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Russian President Vladimir Putin on Monday hammered a proposed tax on bank deposits in Cyprus that could hit Moscow oligarchs especially hard as "unfair, unprofessional and dangerous."
"Putin said that this decision, in case of its adoption, will be unfair, unprofessional and dangerous," Russian news agencies quoted Kremlin spokesman Dmitry Peskov as saying.
Russian prime minister and former president Dmitry Medvedev for his part said the levy "simply looks like the confiscation of other people's money."
Terms of the 10-billion-euro ($13-billion) EU-IMF rescue package -- its adoption by the Cypriot parliament postponed on Monday -- would slap an unprecedented 9.9-percent fee on all bank deposits exceeding 100,000 euros.
Several analysts said the measure was meant to make sure that Brussels did not spend billions propping up occasionally ill-gotten gains of Russia's super-rich that are occasionally kept in Cypriot accounts.
"It is clear that (Cyprus) is under tremendous pressure from the European Union," Deputy Finance Minister Sergei Shatalov was quoted as saying by Interfax.
Estimates vary but the Moody's rating firm estimates that Russian companies and banks keep up to $31 billion in Cyprus. The figure accounts for between a third and half of all Cypriot deposits.
Russia's number two bank VTB -- a state-owned institution -- alone had $13.5 billion resting in Cyprus through a subsidiary and was due to lose a tenth of that amount.
"VTB Group is carefully monitoring the situation," the bank said in a statement. "We can only assess its repercussions after studying the text of the law."
Criticism resounded through Moscow amid warnings that a possible run on Cypriot banks could reverberate across Europe and set a bad precedent for future rescue packages for struggling states.
A frustrated-sounding tycoon and former presidential contender Mikhail Prokhorov said that Brussels "had set a real financial mine under the idea of a single Europe."
"The European Union essentially opened a Pandora's box," he stressed.
Some analysts believe that the Russians will now only compound Cyprus's problems by taking their cash out and parking it in other tax havens such as Luxembourg.
"The unhappiest of the Russians will simply look for other places to put their money," forecast Paragone Advisory Group analyst Alexander Zakharov.
Others noted that the Russian ruble was now likely to weaken in the face of growing investor risk aversion.
The Moscow market -- down nearly three percent on Monday evening -- may also suffer from the smaller volumes of available cash from which foreigners make direct investments in Russia.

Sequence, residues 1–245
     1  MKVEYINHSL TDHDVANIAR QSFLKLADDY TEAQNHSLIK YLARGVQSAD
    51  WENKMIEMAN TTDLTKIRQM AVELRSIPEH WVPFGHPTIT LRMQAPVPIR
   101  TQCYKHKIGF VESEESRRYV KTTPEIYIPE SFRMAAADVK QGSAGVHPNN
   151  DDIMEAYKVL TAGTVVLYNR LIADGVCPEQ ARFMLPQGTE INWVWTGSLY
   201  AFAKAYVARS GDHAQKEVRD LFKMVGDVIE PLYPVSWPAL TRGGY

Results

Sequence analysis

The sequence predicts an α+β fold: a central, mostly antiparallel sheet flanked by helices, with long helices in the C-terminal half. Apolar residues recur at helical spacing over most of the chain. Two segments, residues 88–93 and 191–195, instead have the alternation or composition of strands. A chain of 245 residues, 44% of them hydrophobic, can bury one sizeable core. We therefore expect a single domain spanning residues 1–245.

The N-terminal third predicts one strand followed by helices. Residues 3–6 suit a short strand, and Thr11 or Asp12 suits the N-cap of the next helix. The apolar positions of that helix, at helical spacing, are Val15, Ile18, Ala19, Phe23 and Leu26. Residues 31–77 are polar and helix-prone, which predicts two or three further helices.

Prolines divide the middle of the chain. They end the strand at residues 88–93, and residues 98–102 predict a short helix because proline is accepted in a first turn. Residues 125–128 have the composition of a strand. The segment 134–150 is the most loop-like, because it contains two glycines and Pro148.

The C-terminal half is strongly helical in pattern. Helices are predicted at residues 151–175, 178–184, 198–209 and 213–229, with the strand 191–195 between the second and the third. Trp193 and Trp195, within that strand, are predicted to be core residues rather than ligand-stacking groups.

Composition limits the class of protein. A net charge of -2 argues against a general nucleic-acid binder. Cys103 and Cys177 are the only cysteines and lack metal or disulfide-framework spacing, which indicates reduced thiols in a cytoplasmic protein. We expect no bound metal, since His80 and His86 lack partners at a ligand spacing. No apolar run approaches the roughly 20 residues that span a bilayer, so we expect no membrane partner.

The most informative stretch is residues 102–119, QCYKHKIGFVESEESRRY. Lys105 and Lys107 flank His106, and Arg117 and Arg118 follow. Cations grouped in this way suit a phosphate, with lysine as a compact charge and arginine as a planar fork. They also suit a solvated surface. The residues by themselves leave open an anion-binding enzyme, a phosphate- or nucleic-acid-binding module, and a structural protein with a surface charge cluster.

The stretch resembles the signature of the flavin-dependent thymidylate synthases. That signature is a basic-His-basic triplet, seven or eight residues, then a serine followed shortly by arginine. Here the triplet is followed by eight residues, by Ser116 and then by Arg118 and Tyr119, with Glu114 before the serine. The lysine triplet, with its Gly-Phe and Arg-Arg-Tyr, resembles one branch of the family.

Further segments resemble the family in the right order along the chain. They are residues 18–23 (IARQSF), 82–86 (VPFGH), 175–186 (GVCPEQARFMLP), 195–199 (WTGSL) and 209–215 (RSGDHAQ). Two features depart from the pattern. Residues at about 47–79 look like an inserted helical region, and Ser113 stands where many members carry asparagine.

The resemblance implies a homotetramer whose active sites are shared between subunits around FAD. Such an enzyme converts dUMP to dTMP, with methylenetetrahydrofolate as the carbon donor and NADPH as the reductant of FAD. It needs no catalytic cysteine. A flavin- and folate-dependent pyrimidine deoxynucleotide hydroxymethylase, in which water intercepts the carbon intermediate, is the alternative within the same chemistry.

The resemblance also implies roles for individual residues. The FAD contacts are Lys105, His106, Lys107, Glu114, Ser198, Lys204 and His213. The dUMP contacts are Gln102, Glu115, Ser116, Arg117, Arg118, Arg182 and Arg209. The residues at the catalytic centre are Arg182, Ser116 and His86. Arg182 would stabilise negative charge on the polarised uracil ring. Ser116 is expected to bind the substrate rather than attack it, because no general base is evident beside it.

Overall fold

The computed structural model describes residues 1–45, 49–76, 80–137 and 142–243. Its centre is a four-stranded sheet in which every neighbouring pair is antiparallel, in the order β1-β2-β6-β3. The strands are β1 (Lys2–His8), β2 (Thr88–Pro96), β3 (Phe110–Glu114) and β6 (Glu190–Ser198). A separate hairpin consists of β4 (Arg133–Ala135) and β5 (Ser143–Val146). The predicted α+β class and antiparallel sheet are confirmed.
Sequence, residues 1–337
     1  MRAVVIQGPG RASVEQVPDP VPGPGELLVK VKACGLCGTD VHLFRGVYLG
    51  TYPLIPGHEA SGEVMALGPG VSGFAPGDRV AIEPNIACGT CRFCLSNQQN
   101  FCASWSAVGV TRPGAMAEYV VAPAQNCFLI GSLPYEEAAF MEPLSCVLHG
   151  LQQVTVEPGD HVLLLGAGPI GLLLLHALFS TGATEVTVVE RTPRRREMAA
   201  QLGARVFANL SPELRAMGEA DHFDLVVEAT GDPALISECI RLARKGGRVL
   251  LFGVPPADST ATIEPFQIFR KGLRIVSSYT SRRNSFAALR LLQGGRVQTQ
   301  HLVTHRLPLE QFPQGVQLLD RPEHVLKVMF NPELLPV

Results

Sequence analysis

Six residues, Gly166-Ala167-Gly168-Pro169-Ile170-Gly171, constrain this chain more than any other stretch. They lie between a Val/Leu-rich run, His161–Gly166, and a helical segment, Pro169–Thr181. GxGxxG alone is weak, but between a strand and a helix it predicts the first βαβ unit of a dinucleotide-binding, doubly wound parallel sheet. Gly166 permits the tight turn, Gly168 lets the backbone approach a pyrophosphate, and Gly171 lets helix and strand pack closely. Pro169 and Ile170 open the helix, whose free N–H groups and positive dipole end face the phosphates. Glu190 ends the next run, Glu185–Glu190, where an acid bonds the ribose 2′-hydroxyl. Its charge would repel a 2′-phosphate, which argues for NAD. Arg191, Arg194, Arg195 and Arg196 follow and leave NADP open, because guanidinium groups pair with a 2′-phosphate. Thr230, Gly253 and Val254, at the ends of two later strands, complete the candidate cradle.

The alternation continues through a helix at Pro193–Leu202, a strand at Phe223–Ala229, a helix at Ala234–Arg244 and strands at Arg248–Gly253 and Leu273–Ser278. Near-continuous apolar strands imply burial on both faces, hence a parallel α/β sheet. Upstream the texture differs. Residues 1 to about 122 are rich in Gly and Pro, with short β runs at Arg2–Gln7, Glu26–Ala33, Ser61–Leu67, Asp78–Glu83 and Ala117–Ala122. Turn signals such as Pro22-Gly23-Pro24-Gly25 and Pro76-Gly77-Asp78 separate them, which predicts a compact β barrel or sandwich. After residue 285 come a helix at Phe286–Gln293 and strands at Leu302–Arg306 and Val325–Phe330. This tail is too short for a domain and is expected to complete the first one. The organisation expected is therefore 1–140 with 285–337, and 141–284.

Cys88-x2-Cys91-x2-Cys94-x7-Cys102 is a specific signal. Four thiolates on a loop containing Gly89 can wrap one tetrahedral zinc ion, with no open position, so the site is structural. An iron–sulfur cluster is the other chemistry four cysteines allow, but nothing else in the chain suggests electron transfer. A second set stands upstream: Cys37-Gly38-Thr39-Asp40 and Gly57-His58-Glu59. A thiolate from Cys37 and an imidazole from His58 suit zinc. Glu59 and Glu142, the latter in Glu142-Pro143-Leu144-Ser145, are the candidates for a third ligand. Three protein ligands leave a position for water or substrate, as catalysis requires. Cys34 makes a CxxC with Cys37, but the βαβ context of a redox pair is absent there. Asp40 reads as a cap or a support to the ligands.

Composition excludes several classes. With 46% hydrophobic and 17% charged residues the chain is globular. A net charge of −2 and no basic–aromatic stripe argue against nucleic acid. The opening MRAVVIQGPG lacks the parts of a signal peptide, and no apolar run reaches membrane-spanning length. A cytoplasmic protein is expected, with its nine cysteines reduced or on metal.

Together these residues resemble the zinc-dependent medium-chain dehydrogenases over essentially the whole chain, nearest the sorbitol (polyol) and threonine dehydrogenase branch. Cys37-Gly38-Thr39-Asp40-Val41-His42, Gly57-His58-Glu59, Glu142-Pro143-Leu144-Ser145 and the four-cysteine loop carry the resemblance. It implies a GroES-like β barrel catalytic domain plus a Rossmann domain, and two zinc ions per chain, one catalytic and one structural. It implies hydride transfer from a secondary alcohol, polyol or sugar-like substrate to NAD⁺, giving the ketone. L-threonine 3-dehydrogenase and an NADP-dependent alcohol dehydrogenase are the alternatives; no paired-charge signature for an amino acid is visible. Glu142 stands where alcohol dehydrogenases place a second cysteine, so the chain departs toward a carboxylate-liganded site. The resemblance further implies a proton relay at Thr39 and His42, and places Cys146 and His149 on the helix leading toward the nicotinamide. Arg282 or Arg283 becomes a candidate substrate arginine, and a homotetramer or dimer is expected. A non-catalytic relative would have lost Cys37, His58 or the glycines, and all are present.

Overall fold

Cyprus has consistently ranked as the largest single foreign direct investor in Russia because of the tycoons' desire to repatriate their cash into money-making enterprises at home.
The International Monetary Fund (IMF) has estimated that Cyprus sent $128.8 billion in foreign direct investments to Russia in 2011 alone.
Russia's respected former finance minister Alexei Kudrin said the European Union had simply "overlooked" a solution to Cyprus's banking meltdown.
"The primary responsibility for the situation in Cyprus rests with the European Union and its regulators," Kudrin tweeted.
Others noted that it was better for the Russians to take a one-off hit than to see the entire Cypriot banking sector collapse as it did in Russia during a 1998 financial crisis during which Moscow defaulted on its debts.
"Russians already has the experience of 1998 when instead of losing 10 percent, people lost it all," noted PNB Paribas economist Julia Tsepliaeva.
But perhaps most under threat is an agreement on the extension of 2.5-billion-euro loan that Moscow extended to Nicosia in 2011 at a rate of 4.5 percent.
Cypriot Finance Minister Michalis Sarris was tentatively scheduled to visit Moscow on Wednesday with the brief of lowering that rate and extending the loan's expiration date until 2020 from 2016.
Moscow was reported to be seeking in exchange details about Russian billionaires who held accounts on the island. Russia was also said to be interested in buying a majority stake in Cypriot lender Patriot Bank that is in need of rescue.
Yet top Moscow finance officials hinted on Monday that the bank deposit tax may scuttle negotiations.
"We are going to take a second look at whether to take part in a deal to restructure our earlier credit," Finance Minister Anton Siluanov was quoted as saying by Interfax.